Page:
In the months following the end of the World’s Fair, the poor and unemployed increase in number. Photographs capture the sights of the Jackson Park, deserted and filthy, and fires destroy several of the buildings at the World’s Fair. Throughout the winter, union leaders organize strikes across America. President Cleveland enlists the military to go to Chicago to break up a national strike organized by Eugene Debs.
It’s a tragedy that the city of Chicago isn’t more grateful to the thousands of workers who made the WF possible. Instead of showering them with thanks, they’re sent back into the “Black City.” It’s proof of the power of the WF that riots and strikes break out so soon after it’s finished — the WF was one of the only things keeping Chicago in good economic shape, and its end is a crushing economic blow.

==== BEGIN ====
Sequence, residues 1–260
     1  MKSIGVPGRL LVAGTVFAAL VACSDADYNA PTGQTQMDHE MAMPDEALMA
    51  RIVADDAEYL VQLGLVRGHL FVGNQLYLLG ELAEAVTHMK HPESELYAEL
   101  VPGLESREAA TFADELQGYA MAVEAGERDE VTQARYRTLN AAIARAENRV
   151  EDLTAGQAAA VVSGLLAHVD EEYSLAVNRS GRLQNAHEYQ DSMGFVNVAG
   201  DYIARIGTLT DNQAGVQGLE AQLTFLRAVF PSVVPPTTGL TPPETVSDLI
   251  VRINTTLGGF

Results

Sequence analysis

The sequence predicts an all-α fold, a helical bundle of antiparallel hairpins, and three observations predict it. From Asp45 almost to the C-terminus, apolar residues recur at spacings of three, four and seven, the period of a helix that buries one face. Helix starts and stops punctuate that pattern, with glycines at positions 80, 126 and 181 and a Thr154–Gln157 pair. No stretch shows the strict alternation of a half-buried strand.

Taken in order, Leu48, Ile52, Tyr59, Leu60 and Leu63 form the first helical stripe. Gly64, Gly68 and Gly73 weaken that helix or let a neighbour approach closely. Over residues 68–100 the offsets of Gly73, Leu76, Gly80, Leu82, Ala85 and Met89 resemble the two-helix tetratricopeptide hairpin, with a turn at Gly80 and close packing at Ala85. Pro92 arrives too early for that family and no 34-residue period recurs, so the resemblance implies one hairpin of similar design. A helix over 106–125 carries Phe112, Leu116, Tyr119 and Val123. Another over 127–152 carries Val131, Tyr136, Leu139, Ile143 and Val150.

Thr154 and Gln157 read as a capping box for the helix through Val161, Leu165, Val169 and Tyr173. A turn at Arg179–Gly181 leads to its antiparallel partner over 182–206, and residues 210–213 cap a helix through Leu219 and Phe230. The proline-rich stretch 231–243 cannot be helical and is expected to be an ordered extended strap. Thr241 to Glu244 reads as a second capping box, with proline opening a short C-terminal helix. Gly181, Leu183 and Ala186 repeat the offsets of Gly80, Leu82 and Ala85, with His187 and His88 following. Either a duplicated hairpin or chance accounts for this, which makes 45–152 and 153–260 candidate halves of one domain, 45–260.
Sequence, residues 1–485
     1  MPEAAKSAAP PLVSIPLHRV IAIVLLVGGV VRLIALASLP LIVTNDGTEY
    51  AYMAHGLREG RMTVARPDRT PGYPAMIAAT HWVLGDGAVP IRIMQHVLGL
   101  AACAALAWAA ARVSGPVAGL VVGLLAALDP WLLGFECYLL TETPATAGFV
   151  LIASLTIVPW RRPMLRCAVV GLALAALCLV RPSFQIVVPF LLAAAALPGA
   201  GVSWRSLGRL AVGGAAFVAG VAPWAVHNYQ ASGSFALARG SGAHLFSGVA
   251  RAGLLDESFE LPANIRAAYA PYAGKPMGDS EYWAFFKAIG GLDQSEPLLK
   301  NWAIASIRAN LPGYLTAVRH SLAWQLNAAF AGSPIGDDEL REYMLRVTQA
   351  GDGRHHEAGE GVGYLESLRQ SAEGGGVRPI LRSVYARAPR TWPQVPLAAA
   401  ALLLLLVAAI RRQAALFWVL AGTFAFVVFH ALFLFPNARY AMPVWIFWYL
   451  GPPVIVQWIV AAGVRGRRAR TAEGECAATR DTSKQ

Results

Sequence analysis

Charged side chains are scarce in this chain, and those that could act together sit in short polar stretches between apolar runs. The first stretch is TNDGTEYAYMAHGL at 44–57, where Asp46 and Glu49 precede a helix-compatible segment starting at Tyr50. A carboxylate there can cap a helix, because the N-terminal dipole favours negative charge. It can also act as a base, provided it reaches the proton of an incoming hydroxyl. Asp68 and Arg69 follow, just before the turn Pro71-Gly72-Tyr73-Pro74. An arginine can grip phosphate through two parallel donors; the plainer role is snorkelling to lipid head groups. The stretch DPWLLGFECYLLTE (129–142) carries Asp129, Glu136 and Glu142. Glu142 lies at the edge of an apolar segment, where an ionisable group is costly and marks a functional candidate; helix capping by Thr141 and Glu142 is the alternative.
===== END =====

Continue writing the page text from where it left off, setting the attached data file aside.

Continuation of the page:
At the strikes in Chicago, unions burn buildings in Jackson Park, including Hunt’s dome and the Manufactures and Liberal Arts Building. Burnham is pleased at this end for the World’s Fair — it’s better, he writes, for the spectacle to end quickly and spectacularly than slowly.
Ironically, the unions’ burning of the buildings in Jackson Park doesn’t come as a shock to Burnham — on the contrary, he appreciates the bright and even beautiful sight of the fire, that the buildings of the Fair go up on a blaze of glory.
In early 1894, the newspapers publish information about the hundreds of missing persons who came to Chicago for the World’s Fair and never returned to their homes. Larson ends Part 3 by noting that Holmes would never have been caught had it not been for one persistent detective.
As the WF draws to a close, Holmes is still on the loose, though he’s left Chicago. Larson closes Part IV by noting that Holmes was only apprehended by one determined detective. It’s amazing — and frightening — that Holmes has come close to getting away with his various crimes